For a while I’ve fancied a Mamiya RB67 medium format SLR. I’d read about the tech specs, the wonderful lenses, the high resolution, and all the other benefits of such a powerful camera, and last week I splashed the cash and bought one. Optically, it was just what I was expecting – but nothing could have prepared me for the size and weight of this beast.
Sure, I’d seen figures online that said it weighed so many grammes and was so many millimetres wide. But that didn’t mean anything to me as an abstract number. Now I have the RB67 in my possession, I decided to take a few photos to put the figures into context. Most other photography equipment websites concentrate on how the gear performs, but I’m going to ignore that and focus solely on size and weight in a light-hearted and unscientific way.
I’ve got several other medium format cameras, although they are not SLRs. I knew the RB67 would be bigger than the others, but here the RB67 dwarfs my Coronet Conway Synchronised – not a small camera itself.
And to put this size into a more tangible context for normal people who don’t collect box cameras, here it is with my Canon AE-1 Program – a popular consumer SLR in the 80s. It’s slightly larger and a little heavier than a modern digital SLR.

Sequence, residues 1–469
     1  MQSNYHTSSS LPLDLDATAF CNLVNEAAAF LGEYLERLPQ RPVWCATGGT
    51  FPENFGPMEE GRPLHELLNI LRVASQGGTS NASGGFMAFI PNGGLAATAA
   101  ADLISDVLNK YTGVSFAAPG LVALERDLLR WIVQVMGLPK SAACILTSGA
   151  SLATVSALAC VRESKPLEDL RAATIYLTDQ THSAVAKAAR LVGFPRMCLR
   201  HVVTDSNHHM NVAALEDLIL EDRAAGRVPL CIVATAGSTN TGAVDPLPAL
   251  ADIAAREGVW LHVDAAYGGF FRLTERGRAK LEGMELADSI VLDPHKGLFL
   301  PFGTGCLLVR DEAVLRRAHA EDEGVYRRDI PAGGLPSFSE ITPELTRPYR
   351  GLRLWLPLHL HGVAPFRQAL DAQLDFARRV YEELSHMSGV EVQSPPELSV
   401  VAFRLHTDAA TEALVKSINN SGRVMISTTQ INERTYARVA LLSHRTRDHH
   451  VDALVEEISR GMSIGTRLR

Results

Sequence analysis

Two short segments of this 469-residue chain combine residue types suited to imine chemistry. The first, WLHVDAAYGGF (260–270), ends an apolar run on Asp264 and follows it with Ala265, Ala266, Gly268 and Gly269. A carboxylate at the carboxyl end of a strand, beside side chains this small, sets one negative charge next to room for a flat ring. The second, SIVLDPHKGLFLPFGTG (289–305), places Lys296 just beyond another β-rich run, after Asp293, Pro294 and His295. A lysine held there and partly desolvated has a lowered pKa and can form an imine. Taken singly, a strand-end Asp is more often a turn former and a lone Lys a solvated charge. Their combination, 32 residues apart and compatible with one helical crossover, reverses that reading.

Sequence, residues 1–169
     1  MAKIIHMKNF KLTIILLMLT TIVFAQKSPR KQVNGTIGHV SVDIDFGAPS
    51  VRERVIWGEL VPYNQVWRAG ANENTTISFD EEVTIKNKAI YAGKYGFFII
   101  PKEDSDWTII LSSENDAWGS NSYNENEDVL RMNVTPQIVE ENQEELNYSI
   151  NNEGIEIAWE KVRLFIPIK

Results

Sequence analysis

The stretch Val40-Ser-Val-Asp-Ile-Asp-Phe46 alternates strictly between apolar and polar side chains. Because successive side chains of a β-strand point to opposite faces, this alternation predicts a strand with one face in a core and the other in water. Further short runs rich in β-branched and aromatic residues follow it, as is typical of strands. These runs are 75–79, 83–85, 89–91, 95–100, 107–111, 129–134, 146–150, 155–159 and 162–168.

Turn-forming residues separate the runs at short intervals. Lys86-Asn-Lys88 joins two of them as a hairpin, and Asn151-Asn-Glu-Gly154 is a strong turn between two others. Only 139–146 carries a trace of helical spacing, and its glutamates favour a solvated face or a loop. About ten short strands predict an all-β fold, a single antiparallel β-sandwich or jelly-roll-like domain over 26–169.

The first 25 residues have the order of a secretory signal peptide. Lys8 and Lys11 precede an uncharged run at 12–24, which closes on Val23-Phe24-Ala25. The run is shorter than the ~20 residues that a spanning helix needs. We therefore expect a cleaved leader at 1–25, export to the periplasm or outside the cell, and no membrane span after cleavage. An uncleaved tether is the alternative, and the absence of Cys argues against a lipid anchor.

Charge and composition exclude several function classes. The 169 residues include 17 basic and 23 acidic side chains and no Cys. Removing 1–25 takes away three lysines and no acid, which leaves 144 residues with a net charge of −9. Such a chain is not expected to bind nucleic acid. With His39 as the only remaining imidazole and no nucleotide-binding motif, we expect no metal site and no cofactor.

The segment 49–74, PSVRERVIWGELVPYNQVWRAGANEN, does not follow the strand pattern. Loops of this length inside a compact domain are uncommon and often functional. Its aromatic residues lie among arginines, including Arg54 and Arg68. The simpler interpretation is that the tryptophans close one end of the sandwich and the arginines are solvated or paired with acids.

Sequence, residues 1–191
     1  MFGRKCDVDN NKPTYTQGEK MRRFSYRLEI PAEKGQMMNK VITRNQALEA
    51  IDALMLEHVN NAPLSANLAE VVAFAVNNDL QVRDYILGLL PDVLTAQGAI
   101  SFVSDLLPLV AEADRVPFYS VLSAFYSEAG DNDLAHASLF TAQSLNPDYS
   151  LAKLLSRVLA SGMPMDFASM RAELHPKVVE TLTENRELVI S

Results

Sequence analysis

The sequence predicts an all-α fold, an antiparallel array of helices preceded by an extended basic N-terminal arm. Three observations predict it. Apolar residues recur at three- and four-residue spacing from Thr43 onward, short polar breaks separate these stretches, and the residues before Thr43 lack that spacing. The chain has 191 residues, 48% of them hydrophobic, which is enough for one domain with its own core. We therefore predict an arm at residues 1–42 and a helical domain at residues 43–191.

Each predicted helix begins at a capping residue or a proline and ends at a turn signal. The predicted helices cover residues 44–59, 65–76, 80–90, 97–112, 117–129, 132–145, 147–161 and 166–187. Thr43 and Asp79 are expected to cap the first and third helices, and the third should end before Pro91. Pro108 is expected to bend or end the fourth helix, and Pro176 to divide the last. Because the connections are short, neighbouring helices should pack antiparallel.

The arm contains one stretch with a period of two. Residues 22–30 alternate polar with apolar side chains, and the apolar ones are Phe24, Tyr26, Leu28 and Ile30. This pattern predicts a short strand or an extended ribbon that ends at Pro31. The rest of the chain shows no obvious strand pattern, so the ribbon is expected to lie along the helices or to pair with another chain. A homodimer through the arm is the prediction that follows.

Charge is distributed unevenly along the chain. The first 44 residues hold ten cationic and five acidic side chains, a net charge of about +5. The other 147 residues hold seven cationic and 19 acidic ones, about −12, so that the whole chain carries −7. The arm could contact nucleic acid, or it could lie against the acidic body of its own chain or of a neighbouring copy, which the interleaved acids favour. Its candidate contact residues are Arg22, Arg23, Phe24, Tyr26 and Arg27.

And then we come to the matter of lenses. The RB67’s lenses have a longer focal length due to the larger film format, but they are also chunkier in every dimension. Here I have photographed a Mamiya-Sekor 50mm wide-angle lens with an equivalent Canon 28mm wide-angle lens for the AE-1 Program.
The Mamiya-Sekor 50mm lens on its own weighs about the same as the whole Canon AE-1 Program camera with a lens. It also weighs about the same as a collection of four Canon FD-mount lenses (135mm, 35-70mm, 28mm and 50mm, if you’re interested).
A basic RB67 set-up with standard lens, waist-level finder and film back weighs in at around 2.5kg, or about the same as a bottle of Pepsi and a can of soup.
Well, I hope this has proved entertaining and possibly even useful to someone who may be considering buying an RB67. It is most definitely a camera for use in a studio, or perhaps on a tripod for landscapes. Don’t even think about sport.
I offer my apologies for these poor still-life shots of camera equipment. My flashguns are in the loft and it’s cold up there, so I used a single macro LED ring flash, and it seems to have done OK.